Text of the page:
How To: Incorporate Trends In Your Classic Lean Wardrobe

December 19, 2013 · 13 comments

in Lean Wardrobe, Tips

Quick note: The Cladright Association is open for registration! Don’t wait too long, we’re closing the doors this Sunday, 12/22 (though we’ll open again next year). Find out more and join us here: http://cladright.com.

 

via GQ

via GQ. Click to enlarge.

Hey Gents,

I saw this interesting infographic in December’s GQ about the styles and trends that are building up, cresting, and crashing right now (or in the next few months).

There were some interesting things pointed out, some of which I agreed with (leather shoes with colored soles are done / overdone), and others I’m curious to see come to fruition (bolo ties, anyone?)

If you’ve been reading EG for any amount of time, you may think I’m completely against trends, solely based off the Lean Wardrobe approach I always champion.

While I do think a Lean Wardrobe is best, being anti-trend isn’t the full truth.

In fact, I fully embrace the idea of experimenting with trends that you like, but what I suggest to you is to structure your wardrobe appropriately in order to allow for experimentation without diving head-first into them, leaving you with a completely passé wardrobe come next season or next year.

Think of it this way: If you’re building a house, do you first shop for art to decorate your walls, or lay the foundation? The walls aren’t even up yet! How are you going to hang your art?

Build your classic Lean Wardrobe FIRST (e.g. lay the foundation), then feel free to explore trends as they fit your style and interest (e.g. buy some art for your walls).

Let’s explore this idea a bit more. I’ll show you what I mean by incorporating trends mindfully, why it’s important to take your time, and how you can use trendy items in your classic wardrobe starting right this second.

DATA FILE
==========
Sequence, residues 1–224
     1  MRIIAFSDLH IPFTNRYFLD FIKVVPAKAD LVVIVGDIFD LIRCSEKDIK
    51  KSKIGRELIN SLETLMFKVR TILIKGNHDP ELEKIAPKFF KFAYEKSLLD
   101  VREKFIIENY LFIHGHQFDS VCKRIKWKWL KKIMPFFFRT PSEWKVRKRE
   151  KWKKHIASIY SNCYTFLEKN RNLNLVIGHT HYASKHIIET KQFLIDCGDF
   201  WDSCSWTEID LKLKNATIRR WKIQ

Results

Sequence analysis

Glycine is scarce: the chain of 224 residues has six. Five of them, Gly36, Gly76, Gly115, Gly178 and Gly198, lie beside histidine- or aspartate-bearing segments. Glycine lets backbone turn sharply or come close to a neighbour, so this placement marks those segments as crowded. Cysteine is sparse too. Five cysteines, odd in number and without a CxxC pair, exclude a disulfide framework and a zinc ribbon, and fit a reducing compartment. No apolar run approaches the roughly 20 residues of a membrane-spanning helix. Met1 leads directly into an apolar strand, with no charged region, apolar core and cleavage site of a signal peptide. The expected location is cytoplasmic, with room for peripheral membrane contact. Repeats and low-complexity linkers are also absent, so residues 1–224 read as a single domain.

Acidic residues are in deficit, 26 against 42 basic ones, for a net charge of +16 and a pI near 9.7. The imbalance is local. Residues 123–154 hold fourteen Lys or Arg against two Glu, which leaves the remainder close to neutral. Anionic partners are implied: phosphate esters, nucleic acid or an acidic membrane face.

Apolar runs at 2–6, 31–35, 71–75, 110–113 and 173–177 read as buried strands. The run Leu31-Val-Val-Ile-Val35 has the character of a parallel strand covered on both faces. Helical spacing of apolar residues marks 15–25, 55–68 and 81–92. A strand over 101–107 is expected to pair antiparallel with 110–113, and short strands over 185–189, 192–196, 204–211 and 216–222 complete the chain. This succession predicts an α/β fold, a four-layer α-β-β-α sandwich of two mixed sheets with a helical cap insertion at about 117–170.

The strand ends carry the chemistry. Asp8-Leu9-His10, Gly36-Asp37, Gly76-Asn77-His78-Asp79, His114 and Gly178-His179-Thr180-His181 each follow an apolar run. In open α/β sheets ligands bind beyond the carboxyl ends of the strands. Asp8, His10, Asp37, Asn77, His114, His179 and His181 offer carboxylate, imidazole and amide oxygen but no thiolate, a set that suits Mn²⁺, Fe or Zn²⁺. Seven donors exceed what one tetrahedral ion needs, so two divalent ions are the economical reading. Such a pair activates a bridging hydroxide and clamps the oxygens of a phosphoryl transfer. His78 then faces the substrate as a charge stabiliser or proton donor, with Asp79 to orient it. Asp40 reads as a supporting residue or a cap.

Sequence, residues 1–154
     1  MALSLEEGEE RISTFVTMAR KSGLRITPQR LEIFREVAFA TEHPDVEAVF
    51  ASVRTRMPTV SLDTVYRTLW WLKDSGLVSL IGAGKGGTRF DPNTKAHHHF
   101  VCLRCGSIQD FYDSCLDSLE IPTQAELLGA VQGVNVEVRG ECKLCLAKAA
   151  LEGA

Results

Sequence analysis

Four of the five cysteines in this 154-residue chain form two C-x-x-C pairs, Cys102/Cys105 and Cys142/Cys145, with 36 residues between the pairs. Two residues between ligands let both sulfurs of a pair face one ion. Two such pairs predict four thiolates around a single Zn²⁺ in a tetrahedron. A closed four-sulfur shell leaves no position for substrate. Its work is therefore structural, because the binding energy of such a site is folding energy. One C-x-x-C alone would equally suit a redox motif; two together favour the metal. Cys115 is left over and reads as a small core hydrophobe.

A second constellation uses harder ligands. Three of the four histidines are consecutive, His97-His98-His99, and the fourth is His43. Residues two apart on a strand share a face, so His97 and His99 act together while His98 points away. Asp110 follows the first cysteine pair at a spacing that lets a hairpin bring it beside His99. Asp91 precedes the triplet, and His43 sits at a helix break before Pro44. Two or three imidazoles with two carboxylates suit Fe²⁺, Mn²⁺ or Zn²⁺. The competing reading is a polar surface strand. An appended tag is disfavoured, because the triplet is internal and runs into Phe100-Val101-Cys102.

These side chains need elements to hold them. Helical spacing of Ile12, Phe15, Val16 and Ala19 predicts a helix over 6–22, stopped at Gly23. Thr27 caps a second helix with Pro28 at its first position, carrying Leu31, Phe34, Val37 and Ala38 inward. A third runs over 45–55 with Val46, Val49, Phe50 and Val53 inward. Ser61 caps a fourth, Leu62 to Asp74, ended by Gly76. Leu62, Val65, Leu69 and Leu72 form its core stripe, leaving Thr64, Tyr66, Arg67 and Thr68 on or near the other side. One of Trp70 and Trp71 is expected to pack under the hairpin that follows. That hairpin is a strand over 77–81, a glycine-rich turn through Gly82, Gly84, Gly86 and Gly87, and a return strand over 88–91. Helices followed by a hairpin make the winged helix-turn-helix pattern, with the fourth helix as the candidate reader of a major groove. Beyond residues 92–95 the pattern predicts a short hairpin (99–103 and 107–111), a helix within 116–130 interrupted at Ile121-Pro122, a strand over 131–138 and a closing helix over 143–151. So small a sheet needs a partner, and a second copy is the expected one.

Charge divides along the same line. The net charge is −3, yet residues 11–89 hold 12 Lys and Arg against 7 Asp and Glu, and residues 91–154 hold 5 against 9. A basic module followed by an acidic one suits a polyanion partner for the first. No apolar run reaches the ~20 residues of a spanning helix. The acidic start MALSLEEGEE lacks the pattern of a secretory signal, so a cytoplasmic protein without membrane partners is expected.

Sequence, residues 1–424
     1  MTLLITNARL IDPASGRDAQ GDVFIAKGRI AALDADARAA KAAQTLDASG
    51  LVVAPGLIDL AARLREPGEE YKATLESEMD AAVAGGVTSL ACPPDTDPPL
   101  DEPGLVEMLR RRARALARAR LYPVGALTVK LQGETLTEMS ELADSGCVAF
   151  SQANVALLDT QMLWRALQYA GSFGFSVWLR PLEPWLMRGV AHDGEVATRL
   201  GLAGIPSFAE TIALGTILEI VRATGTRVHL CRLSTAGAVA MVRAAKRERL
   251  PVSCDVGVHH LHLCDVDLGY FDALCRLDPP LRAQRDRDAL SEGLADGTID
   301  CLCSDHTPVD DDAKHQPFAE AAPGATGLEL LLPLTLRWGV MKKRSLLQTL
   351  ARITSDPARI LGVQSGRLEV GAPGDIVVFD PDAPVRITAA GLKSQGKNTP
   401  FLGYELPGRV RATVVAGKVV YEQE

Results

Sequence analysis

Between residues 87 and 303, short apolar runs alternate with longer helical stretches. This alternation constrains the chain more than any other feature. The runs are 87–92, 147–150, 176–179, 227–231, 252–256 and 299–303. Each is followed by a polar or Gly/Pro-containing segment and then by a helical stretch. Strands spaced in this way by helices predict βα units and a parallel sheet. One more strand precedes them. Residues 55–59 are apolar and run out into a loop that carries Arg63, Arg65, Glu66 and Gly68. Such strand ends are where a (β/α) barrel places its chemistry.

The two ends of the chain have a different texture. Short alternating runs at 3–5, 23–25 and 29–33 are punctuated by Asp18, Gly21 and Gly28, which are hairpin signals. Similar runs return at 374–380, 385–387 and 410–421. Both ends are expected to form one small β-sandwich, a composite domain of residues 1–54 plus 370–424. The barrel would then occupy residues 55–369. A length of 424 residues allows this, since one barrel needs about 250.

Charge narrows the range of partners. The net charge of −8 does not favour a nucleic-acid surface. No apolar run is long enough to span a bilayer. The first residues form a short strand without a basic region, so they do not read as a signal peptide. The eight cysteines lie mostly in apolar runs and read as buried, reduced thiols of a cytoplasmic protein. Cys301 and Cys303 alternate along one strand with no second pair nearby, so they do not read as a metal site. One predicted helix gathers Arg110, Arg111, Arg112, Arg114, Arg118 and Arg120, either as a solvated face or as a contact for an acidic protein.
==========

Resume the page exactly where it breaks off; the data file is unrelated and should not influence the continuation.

Classic + Trendy… How?

First, let’s recap the three main characteristics. Your Lean Wardrobe should be:

  1. Basic and simple.
  2. Modern interpretations of classic styles (e.g. a slim-fitting charcoal gray wool suit, vs. a boxy traditional-fitting one)
  3. Muted and neutral (e.g. navy, grays, khakis, white, light blue, etc.)

This type of wardrobe sets the stage for easy experimentation. Why and how?

  • You can combine color, pattern, textures, and trends on top of a simple Lean Wardrobe, because those simple pieces will go with everything.
  • It will never go out of style; it’s made up of items that always look “of the moment”, while at the same time, refined and classic.
  • It’s the perfect base to have under a trendy item or two (or a color you’ve never tried, or a pattern you’re curious about, etc.).

Colorful and interesting accessorizing, along with the addition of patterns and textures, is the way to punch up the overall look of an otherwise basic outfit.

sudeikis

Could you wear the pieces in your Lean Wardrobe together without any colorful, interesting accessories, or without the incorporation of patterns and textures? Sure. But if you get bored and wanted to add some interest, accessories, color, patterns, and textures are the way to go.

The photo above of actor Jason Sudeikis shows him in two suits, very similar to what you might find in a Lean Wardrobe: one in gray and one in navy.

The gray suit, paired with a solid shirt and muted (though patterned) tie is a pretty standard, simple, straight-forward pairing.